Fall 2017

Learning One-hidden-layer Neural Networks with Landscape Design

Tuesday, Nov. 28, 2017 11:30 am12:00 pm

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We consider the problem of learning a one-hidden-layer neural network: we assume the input x is from Gaussian distribution and the label $y = a \sigma(Bx) + \xi$, where a is a nonnegative vector and  $B$ is a full-rank weight matrix, and $\xi$ is a noise vector. We first give an analytic formula for the population risk of the standard squared loss and demonstrate that it implicitly attempts to decompose a sequence of low-rank tensors simultaneously.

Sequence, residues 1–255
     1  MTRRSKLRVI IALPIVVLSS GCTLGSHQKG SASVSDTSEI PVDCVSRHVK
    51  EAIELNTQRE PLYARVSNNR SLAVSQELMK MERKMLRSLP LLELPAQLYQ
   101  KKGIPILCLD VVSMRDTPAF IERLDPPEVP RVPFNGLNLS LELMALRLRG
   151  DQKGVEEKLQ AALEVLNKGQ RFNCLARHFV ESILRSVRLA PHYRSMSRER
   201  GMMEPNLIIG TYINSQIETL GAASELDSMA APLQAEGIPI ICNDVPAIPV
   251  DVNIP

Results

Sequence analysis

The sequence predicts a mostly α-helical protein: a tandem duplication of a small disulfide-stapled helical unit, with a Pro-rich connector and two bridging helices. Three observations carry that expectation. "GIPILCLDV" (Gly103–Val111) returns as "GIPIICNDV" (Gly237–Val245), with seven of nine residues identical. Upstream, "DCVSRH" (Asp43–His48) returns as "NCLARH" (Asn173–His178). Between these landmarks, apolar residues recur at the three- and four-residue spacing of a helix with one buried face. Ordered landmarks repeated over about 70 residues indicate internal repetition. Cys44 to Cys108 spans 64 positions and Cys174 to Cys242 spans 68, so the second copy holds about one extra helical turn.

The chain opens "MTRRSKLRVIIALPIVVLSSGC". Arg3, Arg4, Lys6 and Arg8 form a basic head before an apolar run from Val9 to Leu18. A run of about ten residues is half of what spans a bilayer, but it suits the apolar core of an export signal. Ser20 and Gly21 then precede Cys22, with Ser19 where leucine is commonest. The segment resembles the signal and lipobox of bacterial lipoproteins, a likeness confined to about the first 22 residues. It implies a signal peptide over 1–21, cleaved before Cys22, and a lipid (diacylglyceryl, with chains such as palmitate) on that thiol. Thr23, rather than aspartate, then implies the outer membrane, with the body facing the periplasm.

Inspired by the formula, we design a non-convex objective function $G$ whose landscape is guaranteed to have the following properties:
        1. All local minima of $G$ are also global minima.
        2. All global minima of $G$ correspond to the ground truth parameters.
        3. The value and gradient of $G$ can be estimated using samples.
        With these properties, stochastic gradient descent on $G$ provably converges to the global minimum and learn the ground-truth parameters. We also prove finite sample complexity results and validate the results by simulations.